Similarly, the Mishna (Avot 4:10) strongly advises (see Tosafot Sanhedrin 5a s. v. Kigone Ana) against judging alone as only Hashem is capable of judging alone. Thus, a hallmark of a Beit Din proceeding is the presence of three Dayanim (rabbinic judges) to decide a case (although one judge may adjudicate a dispute in case of need, see Shulchan Aruch Choshen Mishpat 3:2). In fact, the Gemara (Yevamot 121a) lauds the practice of Rabbis consulting each other before issuing rulings (especially ones of great importance) citing the Pasuk in Mishlei (11:14), “Salvation is found when one seeks much counsel.”
However, the Mishna states that Beit Din does not judge a king. This appears very difficult in light of the many instances in the Tanach where a Navi (prophet) rebukes a king, such as the severe criticism directed to Shaul HaMelech by Shmuel Hanavi and Natan Hanavi’s strong rebuke of David Hamelech. Accordingly, the Gemara (Sanhedrin 19a) limits this ruling of the Mishna to “Jewish kings” or non-Davidic kings, but does not apply to the “kings of the house of David. ” The Rambam (Hilchot Sanhedrin 2:5) explains that we do not judge non-Davidic kings who do not submit to Torah authority “lest trouble result.” The Rambam in Hilchot Melachim 3:7 adds that the non-Davidic kings are arrogant, and seeking to impose Torah authority upon them will cause “trouble and losses” to the cause of Torah.
My Talmid Alex Itzkowitz notes that the term “kings of the house of David” does not refer specifically to the family of David HaMelech. Rather, it is a genre of kings who submit to Torah authority (the Gemara presents David as the paradigm for kingly behavior). His proof is that Shmuel Hanavi criticized Shaul HaMelech in Shmuel I Chapter 15 and the latter accepted the criticism (see, though, Shmuel I 16:2; although this may have been after Shaul Hamelech became mentally ill). Thus Shaul Hamelech would appear to be included in Malchei Beit David for this purpose (for further exploration of the distinction between Davidic and non-Davidic kings, see the Kesef Mishneh and Lechem Mishneh to Hilchot Melachim 3:7).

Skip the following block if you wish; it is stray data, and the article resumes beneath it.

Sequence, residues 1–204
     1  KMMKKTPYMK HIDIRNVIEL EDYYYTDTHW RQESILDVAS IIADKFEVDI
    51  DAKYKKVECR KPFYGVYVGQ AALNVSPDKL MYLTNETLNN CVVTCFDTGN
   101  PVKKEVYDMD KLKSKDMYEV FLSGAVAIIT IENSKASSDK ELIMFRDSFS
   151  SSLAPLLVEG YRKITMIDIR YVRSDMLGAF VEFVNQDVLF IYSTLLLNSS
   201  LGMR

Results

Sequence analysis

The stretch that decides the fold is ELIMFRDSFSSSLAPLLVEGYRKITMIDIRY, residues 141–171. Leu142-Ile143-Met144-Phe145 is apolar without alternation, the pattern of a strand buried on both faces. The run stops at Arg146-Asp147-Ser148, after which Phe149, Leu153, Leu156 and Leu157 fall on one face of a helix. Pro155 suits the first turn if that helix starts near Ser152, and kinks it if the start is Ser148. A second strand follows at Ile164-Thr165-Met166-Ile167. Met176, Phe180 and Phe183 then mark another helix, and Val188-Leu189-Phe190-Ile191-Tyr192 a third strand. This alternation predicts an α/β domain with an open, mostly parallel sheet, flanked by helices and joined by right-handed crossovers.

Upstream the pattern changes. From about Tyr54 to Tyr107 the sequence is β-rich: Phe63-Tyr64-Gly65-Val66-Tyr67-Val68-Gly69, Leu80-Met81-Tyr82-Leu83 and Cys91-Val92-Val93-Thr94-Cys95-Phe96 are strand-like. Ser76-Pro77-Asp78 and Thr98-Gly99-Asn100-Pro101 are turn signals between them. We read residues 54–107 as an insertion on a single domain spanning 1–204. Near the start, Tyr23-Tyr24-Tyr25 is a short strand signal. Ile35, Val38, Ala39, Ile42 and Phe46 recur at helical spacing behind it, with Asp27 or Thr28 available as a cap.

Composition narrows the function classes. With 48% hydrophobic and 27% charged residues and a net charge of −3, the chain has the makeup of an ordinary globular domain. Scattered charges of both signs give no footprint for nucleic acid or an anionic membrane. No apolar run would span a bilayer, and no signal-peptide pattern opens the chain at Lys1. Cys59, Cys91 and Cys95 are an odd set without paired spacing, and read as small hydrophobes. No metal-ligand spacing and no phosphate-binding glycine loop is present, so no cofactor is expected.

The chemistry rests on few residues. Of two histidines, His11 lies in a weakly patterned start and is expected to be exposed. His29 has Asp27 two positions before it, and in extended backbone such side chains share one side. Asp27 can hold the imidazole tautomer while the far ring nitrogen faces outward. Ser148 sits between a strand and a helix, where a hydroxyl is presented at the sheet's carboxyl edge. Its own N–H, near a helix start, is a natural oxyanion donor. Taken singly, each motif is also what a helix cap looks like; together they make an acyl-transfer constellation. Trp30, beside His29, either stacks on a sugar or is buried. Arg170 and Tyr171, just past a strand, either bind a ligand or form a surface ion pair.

The Rambam’s Evaluation of Jewish Governments that do not Accept Torah Authority
In 1985, I engaged a prominent Chareidi educator in a conversation concerning the values of Religious Zionism. I asked him what he thought of Rav Aharon Lichtenstein and Rav Yehuda Amital’s inference from the Rambam (Hilchot Chanukah 3:1) that among the reasons we celebrate Chanukah is the restoration of Jewish sovereignty (Malchut Yisrael) over Eretz Yisrael for more than two hundred years. Rav Amital and Rav Lichtenstein observe that most of the Jewish rulers at this time, such as Herod, were hardly ideal leaders from a Torah perspective. Accordingly, Rav Amital and Rav Lichtenstein conclude that the Rambam believes that the restoration of Jewish sovereignty over Eretz Yisrael is sufficient cause to celebrate even if the Jewish leadership is far from ideal from a Torah perspective.
The Chareidi educator replied that the Jewish kings at that time were at least submissive to the Torah authorities of their time. I replied that our Mishna and Gemara in Sanhedrin show that the kings in the time of Bayit Sheini (the Second Temple) were hardly submissive to Torah authority (they even killed Torah authorities, see Kiddushin 66a and Bava Batra 3b-4a). Although the Chareidi educator did not have an answer to my point, I defend the Chareidi perspective (they follow Rashi who seems to disagree with the Rambam) in an essay that we published last year in Kol Torah in honor of Yom Ha’atzmaut.
The Conflict between Rav Shimon ben Shetach and Yanai Hemelech
The Gemara presents a story to illustrate why we do not judge Jewish kings who do not submit to Torah authority. The Gemara relates an incident where a slave of Yanai Hamelech killed someone. Rav Shimon ben Shetach said to the other Rabbis, “Let us put our eyes to him [Yanai] and judge him”. It is important to note that Rav Shimon ben Shetach was Yanai’s brother-in-law (he married Yanai’s sister) and that the two had a tense relationship (see Berachot 48a and the Margaliot Hayam commentary to Sanhedrin 19a). Rashi (s.v. Tenu Eineichem; as noted by the Margaliot Hayam ad. loc.) indicates that Rav Shimon ben Shetach, who was the Av Beit Din (Chief Justice), ordered the other Dayanim (rabbinic judges) to judge Yanai, as Rav Shimon ben Shetach was disqualified to judge the case because of his relationship to Yanai.